The sheer scale of mobile has always been its most impressive feature for media and marketers. The raw penetration of mobile handsets and the hockey stick growth of smartphones still occupy that first slide in so many pitch sessions. As if there is anyone left in the marketing industry who doesn’t already know just how extensive mobile’s reach is.
Yet there still are numbers related to mobile use that still can astonish and impress even grizzled vets. At yesterday’s OMMA Mobile show in San Francisco, I asked our panelists to share as much as they could about what their users are doing on mobile and what we can lean from the emerging “use cases,” as we are fond of calling them.
In no particular order, here are some of the data points that underscore just how intense the velocity of mobile has become. Let’s just review some raw data.
12%: That is the share of traffic Beachbody.com has seen coming from mobile devices even before it had optimized its site, says Online Marketing Director Anie Hong.
8% to 12%: This is the lift in mobile traffic share the American Cancer Society saw in just the first three weeks of offering a mobile-optimized site.
10+ Million Uniques: The number of visitors coming to ESPN’s mobile site on each of the two past Sundays, says Brian P. Doyle, Director Mobile Strategy.
400% increase in mobile traffic to its sites: What Intuit has seen between tax season 2010 and 2011, says Alison Ganz, Mobile and Emerging Platforms Leader. In fact, Ganz says there is a surprising number of people not only using Intuit’s app to fill out and file their easy tax forms, but many people who use their mobile phones to access the tax filing system on the main Web site that is not mobile-optimized.
She was joined later by Walgreens’ Director of Emerging Media Rich Lesperance, who said that they were surprised by the number of people accessing their full-sized reprint of the weekly print sales circular on mobile devices.
“People even are willing to go even to a sub-par experience” on their phones, Ganz says. Those analytics tell her that for many people, mobile is likely the primary device now.
25%: share of online prescription ordering now coming from mobile for Walgreens. Lesperance demonstrated his brand’s code-scanning app that lets users refill a prescription from their phones, noting that the app is proving very popular. He also announced for the first time at OMMA Mobile that all Walgreens stores now have scanners in place that will accept mobile coupons.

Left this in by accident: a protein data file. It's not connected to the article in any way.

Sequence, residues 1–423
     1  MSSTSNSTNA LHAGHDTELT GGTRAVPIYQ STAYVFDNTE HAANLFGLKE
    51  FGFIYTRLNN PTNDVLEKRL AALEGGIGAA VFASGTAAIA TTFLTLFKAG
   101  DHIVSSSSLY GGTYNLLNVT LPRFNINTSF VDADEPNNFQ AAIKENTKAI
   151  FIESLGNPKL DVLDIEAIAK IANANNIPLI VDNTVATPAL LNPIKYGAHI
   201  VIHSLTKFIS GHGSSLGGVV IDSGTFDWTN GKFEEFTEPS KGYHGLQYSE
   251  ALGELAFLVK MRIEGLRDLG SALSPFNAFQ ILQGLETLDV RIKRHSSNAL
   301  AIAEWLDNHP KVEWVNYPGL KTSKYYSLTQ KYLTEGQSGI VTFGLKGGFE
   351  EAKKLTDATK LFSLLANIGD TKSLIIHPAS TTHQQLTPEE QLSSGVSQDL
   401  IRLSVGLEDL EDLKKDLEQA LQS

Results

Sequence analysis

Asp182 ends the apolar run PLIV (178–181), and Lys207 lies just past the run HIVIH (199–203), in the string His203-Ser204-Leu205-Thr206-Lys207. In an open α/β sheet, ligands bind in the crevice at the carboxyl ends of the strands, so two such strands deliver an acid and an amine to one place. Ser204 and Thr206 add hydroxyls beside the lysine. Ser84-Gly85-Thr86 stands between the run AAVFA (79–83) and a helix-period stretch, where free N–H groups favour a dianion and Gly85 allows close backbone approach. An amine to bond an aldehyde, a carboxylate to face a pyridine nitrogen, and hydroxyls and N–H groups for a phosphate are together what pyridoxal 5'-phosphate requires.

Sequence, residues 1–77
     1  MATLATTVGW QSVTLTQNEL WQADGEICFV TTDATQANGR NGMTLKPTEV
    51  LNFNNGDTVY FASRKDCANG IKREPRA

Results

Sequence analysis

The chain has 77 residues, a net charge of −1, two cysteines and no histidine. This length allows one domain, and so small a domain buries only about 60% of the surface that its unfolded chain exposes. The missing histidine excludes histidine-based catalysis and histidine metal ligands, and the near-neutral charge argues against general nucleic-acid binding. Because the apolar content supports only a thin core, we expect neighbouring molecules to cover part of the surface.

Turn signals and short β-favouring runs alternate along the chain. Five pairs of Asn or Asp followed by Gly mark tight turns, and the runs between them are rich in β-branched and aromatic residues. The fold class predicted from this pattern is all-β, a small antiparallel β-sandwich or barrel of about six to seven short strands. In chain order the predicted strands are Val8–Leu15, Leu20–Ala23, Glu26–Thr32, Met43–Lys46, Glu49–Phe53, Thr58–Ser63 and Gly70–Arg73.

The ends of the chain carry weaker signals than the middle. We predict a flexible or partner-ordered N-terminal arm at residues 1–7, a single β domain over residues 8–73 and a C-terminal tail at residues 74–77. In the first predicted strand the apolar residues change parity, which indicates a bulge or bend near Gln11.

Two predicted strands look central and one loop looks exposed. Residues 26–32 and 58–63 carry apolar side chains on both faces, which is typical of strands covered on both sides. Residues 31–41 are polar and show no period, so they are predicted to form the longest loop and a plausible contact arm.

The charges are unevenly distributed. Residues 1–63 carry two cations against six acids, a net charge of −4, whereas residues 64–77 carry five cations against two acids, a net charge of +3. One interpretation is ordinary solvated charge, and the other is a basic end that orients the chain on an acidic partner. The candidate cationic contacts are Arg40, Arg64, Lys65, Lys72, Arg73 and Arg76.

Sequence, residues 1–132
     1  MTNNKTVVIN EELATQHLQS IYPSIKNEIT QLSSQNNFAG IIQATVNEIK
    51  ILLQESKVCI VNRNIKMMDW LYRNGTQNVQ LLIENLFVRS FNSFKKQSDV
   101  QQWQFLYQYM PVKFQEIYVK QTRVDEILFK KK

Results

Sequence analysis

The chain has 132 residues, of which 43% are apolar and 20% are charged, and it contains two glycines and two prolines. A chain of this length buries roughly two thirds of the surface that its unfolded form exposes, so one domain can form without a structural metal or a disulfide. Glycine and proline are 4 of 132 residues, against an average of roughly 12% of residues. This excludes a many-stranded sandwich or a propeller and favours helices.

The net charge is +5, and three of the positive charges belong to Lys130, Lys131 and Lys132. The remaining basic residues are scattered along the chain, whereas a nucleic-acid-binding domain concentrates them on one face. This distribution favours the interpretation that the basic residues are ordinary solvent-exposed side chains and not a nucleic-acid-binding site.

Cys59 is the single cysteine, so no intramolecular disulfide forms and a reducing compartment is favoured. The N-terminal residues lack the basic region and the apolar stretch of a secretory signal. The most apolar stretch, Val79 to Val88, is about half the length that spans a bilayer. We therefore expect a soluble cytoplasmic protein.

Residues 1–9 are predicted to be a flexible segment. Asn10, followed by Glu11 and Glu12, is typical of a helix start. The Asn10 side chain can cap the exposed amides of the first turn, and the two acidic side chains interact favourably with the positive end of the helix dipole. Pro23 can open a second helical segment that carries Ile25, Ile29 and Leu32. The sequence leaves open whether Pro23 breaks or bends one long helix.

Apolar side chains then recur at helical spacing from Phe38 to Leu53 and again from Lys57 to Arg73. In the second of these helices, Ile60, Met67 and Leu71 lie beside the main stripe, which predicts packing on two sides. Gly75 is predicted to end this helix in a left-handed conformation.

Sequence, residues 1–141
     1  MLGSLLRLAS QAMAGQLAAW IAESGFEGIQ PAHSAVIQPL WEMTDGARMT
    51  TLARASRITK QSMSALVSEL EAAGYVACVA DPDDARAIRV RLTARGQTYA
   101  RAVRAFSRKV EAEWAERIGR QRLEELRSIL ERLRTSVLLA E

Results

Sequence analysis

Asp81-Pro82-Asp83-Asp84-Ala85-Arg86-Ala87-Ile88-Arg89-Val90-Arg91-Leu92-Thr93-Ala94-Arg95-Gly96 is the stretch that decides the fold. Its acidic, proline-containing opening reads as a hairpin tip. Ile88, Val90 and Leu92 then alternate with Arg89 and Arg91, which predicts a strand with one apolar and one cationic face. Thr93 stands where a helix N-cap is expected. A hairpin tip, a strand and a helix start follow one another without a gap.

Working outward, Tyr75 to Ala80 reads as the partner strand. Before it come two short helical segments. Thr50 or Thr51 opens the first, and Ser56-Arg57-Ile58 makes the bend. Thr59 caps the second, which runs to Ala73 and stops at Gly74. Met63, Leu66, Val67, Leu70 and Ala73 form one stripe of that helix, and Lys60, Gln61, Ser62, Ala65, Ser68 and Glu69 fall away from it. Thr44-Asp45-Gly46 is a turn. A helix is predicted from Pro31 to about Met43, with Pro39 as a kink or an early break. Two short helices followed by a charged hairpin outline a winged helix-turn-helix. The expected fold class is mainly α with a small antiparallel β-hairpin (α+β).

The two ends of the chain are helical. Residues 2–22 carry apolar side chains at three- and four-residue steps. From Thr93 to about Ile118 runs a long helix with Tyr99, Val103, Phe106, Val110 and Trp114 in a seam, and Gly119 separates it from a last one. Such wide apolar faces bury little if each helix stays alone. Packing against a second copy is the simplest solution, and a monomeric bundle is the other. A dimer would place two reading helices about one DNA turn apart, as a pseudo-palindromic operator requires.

In a line chart comparing times of day that people use Web vs. mobile to order or refill prescriptions, it turns out that mobile gets an unusual spike in the evenings.
Lesperance says that they are calling this late-night pop in mobile ordering the “bedroom and bathroom experience” of people refilling their prescriptions as it occurs to them when they’re looking at their medicine cabinets.
This is the kind of insight from mobile deployments that can change marketing plans, Lesperance suggests. “People are behaving differently on this device,” he says. When you understand and track these behaviors, it alters the way a brand considers its marketing plan. If your customers are making orders from bathrooms late in the evening, how does that change other parts of the plan? “Then you have you have to think about when you push out your marketing.”
The growth of mobile is impressive indeed. It has come a very long way in the span of a few short years. The data above is just a snapshot of what can be gained through a proper mobile campaign, therefore there is no excuse for companies not to have some sort of mobile presence.